Let affected communities co-design strategy to end youth violence in Sheffield, says report

  • Experts, local charities and youth organisations call for preventative measures to reduce violent crime in Sheffield, such as cutting school exclusions and recruiting more diverse teachers
  • Report recommends paid working group of young people and adults from deprived areas to co-design regional violence reduction strategies
  • Concerns government investment in public health approach to knife crime is too short-term to be effective

Saeed Brasab from Unity Gym Project at symposium on youth violence, masculinity and mental health

Sheffield City Council should allow communities affected by knife crime to co-design strategies to reduce violence, according to a group of experts, local charities, youth organisations and members of the public.

In a report based on a public symposium about youth violence, masculinity and mental health, experts from the University of Sheffield, Unity Gym Project, Sheffield Flourish and the 4Front Project have made 10 recommendations to improve the effectiveness of the city’s approach to preventing and curbing violence.

These include measures to help families in deprived areas to claim benefits and maximise their incomes, reduce the number of school exclusions and make teachers more representative of the communities they serve.

South Yorkshire is among the top five local authority districts ranked according to increases in knife crime, and Sheffield experienced eight fatal stabbings in 2018 – representing only a fraction of offences.

In June 2019, Home Secretary Sajid Javid announced £1.6 million for the South Yorkshire Police and Crime Commissioner to set up a Violence Reduction Unit, based on a successful public health approach to violence in Scotland.

However, experts are concerned that the short term nature of this investment, as well as service fragmentation and poor relationships between state institutions and communities, will limit the plan’s success in Sheffield.

Dr Will Mason, Lecturer in Applied Social Sciences at the University of Sheffield, said: “This report represents our collective work with some of the communities most affected by violence. Too often, these groups are not meaningfully included in the development of plans to address the issues that affect them.

“We hope that these recommendations can contribute towards the development of local responses that take a holistic, collaborative and sustainable approach to achieve a safer city for all.”

Abtisam Mohamed, Cabinet Member for Education and Skills, said: “Reducing school exclusions is one of my key priorities because of the impact it has on a young person's life chances. I am committed to working with partners to recognise the importance of this issue, but more importantly to ensure it is addressed on a long-term basis.”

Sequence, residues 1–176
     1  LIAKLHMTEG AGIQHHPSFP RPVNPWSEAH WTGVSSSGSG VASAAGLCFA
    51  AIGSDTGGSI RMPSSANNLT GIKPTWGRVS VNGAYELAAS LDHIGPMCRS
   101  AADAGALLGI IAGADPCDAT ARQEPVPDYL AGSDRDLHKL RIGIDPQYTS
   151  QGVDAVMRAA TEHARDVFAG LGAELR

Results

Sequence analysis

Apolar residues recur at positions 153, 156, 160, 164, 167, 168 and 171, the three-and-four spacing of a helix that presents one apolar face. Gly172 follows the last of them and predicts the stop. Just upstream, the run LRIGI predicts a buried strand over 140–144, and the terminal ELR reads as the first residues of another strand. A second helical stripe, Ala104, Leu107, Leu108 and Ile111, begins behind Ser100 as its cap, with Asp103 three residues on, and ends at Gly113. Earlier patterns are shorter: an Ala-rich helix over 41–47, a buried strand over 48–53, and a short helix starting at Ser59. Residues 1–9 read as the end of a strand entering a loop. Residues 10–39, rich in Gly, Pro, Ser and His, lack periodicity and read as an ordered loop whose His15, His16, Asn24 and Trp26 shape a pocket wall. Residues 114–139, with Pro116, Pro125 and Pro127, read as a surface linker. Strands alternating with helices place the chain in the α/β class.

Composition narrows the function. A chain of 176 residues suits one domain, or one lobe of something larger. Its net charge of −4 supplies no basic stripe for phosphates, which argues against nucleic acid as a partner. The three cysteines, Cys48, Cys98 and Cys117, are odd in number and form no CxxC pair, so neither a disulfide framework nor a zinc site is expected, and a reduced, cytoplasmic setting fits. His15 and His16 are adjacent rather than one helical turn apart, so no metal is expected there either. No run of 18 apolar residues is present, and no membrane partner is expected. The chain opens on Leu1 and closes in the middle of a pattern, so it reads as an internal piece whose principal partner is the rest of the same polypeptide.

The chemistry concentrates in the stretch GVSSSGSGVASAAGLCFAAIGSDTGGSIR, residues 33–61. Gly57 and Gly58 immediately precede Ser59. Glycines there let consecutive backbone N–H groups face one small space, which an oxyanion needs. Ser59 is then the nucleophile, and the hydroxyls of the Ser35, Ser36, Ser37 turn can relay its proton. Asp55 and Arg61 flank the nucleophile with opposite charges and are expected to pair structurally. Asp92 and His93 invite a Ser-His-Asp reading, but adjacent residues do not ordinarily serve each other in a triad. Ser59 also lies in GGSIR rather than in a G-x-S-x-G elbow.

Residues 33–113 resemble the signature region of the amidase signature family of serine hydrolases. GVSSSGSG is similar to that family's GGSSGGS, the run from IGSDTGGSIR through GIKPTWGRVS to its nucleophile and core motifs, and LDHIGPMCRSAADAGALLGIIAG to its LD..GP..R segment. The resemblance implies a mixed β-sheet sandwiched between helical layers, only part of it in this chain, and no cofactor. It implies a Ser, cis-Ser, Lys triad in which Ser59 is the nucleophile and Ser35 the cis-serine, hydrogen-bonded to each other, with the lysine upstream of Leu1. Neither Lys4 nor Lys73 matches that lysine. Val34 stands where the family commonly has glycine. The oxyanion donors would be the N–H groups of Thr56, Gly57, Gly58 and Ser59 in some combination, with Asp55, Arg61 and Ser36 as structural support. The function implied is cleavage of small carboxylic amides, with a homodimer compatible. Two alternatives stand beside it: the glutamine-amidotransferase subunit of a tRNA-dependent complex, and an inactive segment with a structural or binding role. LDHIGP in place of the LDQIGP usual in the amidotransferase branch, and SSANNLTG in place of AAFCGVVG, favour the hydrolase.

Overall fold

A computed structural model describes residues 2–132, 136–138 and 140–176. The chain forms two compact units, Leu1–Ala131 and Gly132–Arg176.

Temi Mwale, Director of the 4Front Project, said: “As a London-based organisation, we believe that national collaboration is essential and we were delighted to work in partnership with Sheffield organisations to develop regional recommendations that will make a difference. We work tirelessly to enable young people to be at the forefront of change because we believe that those with lived experience of violence have a crucial role to play in designing strategies to build peace in our communities. Our recommendations are clear and actionable – we hope that they will be implemented promptly.”

The report recommends the council takes steps such as:

  • Support coordinated preventative work across schools, youth services, police, child and family support and mental health, to stop violent crime occurring in the first place, intervene early when it emerges and ensure ongoing violence problems are well managed.
  • Work with affected communities to develop a paid working group of young people and adults, responsible for co-designing citywide and regional strategies to reduce violence.
  • Work with Sheffield Citizens Advice Bureau and charities to extend the availability of benefits advice and income maximisation support for deprived communities.
  • Enhance and support the provision of culturally specific support for those affected by serious violence.
  • Develop a strategy to reduce school exclusions, monitored by a scrutiny committee of young people and parents from schools with the highest exclusion rates.
  • Sheffield universities should build on existing efforts to support trainee teachers who are underrepresented in Sheffield schools, with clear routes to local employment.
  • Local secondary and further education should increase opportunities for young people to learn about employment and work shadowing opportunities and build links between local employers and community organisations.

Additional information

The University of Sheffield

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